The goal of the LENS experiment is to measure, in real time, the primary low energy (sub-MeV) solar neutrino spectrum, with special attention to the pp-, CNO- and 7Be-neutrinos. The detector is an indium based liquid scintillator.
The main reaction is:
νe + 115In → e- (Ee- = Eν - 115keV) + 2 delayed γ's (coincidence tag) + 115Sn
The interaction of a neutrino with the target nucleus is followed by a coincident γ-emission providing a powerful signature of νe interactions compared to background events.
LENS will determine the spectral shape of the low energy solar neutrino spectrum for the first time. Up until now we have only measured spectral shape of the higher-energy 8B portions of the spectrum (~5% of the total spectrum). The low-energy part of the neutrino spectrum is very important, since the Sun's energy is primarily produced in the pp-chain, which produces neutrinos only in the low energy portion of the spectrum. Measuring these neutrinos probes the dominant energy production mechanism in the sun. With new data on the low energy band of the spectrum we can answer questions such as: Is the Sun getting hotter? Are there sub-dominant non-nuclear sources of energy in the Sun?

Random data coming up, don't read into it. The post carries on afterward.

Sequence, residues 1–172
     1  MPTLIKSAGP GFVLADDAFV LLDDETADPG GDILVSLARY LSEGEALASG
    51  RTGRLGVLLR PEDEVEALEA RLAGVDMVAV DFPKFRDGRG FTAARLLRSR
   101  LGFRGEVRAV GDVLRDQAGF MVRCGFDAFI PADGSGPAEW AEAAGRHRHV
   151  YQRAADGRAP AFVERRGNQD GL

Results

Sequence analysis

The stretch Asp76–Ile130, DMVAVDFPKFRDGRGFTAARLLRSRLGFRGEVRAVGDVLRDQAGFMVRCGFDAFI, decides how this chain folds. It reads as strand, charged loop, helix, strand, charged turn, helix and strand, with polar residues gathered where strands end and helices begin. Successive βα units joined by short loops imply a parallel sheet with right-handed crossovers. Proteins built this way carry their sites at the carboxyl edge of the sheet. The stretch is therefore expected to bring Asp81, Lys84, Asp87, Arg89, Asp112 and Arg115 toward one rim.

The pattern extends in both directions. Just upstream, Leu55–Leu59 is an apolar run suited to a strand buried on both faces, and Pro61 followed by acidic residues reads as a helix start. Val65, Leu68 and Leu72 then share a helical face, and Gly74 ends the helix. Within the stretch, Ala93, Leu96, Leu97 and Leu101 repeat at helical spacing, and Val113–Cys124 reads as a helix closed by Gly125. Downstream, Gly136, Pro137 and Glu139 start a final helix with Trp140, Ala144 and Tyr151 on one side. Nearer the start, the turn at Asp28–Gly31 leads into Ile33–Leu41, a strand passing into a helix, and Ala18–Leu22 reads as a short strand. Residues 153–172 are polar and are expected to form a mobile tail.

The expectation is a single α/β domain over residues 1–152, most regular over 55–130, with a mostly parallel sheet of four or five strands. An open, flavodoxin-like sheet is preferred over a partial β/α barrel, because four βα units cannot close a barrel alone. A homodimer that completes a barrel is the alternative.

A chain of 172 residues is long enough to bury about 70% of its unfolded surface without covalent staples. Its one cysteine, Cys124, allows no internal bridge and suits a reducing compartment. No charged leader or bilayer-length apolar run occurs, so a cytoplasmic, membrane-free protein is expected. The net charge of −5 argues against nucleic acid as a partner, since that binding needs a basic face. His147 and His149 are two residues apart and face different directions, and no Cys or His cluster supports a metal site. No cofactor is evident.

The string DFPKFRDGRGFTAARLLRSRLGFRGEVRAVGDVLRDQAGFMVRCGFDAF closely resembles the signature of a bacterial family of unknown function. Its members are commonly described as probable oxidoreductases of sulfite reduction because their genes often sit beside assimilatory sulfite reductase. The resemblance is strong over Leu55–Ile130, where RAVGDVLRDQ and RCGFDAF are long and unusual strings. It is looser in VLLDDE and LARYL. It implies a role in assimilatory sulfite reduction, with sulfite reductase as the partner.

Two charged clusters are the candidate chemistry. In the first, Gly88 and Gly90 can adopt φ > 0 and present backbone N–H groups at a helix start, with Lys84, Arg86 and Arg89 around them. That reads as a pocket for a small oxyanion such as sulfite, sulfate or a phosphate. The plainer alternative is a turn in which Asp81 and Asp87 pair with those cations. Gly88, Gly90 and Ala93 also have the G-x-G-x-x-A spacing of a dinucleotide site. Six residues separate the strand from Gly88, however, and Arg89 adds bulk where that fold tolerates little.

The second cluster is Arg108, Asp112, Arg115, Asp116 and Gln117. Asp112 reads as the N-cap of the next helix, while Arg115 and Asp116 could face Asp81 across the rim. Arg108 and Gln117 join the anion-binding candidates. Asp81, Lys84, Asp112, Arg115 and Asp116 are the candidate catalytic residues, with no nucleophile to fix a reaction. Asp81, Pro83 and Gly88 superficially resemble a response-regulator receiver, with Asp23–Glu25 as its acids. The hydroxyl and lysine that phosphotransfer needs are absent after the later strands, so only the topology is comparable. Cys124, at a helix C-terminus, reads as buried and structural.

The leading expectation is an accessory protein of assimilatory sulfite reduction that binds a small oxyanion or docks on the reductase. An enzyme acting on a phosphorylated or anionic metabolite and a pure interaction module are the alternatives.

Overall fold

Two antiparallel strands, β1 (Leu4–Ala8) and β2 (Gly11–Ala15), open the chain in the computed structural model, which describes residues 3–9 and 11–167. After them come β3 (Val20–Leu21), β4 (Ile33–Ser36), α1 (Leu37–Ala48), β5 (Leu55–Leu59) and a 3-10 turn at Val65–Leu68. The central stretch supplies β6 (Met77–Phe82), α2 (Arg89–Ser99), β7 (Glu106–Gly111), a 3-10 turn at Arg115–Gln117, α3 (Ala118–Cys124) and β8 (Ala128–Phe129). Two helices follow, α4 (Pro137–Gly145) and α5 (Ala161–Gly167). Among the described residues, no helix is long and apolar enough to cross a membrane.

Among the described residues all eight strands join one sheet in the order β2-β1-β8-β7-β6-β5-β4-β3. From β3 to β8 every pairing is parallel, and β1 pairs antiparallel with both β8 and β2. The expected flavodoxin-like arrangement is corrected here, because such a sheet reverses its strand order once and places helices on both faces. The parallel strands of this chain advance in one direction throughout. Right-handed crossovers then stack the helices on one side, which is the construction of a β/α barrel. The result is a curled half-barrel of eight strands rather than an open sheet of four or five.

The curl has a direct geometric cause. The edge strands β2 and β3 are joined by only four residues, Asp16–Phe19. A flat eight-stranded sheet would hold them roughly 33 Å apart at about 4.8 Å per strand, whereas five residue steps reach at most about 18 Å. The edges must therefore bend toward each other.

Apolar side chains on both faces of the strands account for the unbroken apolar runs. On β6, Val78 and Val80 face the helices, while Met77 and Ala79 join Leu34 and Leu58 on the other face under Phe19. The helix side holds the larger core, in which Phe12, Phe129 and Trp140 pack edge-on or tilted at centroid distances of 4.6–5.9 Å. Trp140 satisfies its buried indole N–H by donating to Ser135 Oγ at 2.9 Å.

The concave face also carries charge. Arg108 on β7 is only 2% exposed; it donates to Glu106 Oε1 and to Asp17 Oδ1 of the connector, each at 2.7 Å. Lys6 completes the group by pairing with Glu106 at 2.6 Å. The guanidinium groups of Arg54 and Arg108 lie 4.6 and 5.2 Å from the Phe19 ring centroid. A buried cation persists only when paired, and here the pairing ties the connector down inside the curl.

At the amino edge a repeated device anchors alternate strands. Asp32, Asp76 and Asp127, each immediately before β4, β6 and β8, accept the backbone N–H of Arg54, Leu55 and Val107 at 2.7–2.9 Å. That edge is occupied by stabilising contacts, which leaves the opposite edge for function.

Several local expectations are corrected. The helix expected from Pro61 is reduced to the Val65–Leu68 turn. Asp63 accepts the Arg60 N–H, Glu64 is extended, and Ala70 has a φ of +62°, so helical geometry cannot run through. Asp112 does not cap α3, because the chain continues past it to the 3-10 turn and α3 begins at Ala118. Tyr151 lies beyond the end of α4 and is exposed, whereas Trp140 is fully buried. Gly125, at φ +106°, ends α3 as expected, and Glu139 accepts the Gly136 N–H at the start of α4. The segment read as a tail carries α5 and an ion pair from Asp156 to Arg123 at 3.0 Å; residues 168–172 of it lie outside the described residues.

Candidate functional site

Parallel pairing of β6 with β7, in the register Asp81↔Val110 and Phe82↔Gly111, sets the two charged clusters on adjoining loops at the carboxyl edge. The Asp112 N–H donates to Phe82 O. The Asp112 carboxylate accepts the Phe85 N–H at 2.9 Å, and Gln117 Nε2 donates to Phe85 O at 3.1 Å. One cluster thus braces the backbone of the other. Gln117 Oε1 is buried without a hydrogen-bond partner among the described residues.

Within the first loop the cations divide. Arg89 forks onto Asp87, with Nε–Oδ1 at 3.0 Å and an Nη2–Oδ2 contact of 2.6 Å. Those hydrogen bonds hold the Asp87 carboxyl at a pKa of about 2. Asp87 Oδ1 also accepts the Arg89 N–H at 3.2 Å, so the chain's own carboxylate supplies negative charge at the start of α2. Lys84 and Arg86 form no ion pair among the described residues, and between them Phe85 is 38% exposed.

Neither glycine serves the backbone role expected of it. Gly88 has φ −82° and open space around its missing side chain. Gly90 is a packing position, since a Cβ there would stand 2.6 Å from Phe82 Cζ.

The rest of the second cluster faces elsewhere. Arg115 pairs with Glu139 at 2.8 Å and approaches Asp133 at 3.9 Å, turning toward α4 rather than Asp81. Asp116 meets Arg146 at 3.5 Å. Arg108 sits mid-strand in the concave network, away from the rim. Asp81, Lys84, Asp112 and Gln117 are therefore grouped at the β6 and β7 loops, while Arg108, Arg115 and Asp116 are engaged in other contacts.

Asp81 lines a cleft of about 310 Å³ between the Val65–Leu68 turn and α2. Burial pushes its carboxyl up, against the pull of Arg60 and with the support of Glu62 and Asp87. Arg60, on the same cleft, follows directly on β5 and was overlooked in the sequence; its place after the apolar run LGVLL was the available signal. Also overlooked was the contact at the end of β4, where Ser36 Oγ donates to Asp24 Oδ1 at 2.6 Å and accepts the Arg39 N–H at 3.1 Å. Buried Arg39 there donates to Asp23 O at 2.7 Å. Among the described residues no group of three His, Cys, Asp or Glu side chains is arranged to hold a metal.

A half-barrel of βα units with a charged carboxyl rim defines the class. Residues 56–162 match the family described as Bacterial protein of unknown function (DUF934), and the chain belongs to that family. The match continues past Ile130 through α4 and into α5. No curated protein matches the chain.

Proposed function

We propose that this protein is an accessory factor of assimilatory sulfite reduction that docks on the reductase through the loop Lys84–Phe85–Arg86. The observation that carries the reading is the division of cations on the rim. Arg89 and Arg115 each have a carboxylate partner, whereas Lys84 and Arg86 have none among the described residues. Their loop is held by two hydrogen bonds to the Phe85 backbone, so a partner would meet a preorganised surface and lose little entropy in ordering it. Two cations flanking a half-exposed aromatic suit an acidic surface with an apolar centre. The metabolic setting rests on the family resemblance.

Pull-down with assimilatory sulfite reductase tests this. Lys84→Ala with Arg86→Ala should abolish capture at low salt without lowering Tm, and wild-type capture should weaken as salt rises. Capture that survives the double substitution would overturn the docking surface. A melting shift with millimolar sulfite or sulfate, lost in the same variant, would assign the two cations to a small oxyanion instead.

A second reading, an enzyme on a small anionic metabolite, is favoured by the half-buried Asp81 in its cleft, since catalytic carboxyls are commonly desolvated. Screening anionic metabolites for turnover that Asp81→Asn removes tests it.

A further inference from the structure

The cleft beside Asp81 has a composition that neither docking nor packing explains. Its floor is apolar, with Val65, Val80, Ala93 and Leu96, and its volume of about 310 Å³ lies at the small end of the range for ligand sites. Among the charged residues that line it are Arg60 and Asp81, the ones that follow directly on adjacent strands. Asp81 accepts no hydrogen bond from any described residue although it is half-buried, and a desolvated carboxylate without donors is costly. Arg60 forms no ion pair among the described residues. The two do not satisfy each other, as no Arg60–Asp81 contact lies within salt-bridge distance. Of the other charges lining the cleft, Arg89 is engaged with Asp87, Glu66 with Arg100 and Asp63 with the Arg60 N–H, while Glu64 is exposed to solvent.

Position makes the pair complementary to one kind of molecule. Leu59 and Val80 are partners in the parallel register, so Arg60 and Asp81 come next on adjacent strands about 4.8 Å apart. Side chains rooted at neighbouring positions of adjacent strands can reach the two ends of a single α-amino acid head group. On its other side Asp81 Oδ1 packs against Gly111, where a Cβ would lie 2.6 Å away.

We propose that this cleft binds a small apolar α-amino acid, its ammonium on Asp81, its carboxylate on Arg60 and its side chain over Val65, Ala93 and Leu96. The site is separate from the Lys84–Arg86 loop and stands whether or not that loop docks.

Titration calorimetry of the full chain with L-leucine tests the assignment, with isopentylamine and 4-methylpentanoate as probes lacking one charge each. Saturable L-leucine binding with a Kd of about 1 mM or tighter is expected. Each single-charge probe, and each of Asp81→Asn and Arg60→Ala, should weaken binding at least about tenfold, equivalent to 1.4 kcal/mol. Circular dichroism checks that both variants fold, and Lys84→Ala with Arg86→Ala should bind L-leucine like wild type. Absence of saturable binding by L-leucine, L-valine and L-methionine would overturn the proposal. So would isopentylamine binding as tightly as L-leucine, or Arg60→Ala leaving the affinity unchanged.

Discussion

The LENS design is a cubic lattice of low index of refraction material (Teflon FEP) in a higher index of refraction liquid (Indium liquid scintillator (InLS)). The cubic lattice structure of LENS allows for precision digitized localization of events in the detector allowing for extraordinary background reductions.
The idea to detect low energy solar neutrinos via the capture on Indium has been investigated since the 1970s (original publication by R. S. Raghavan: pdf).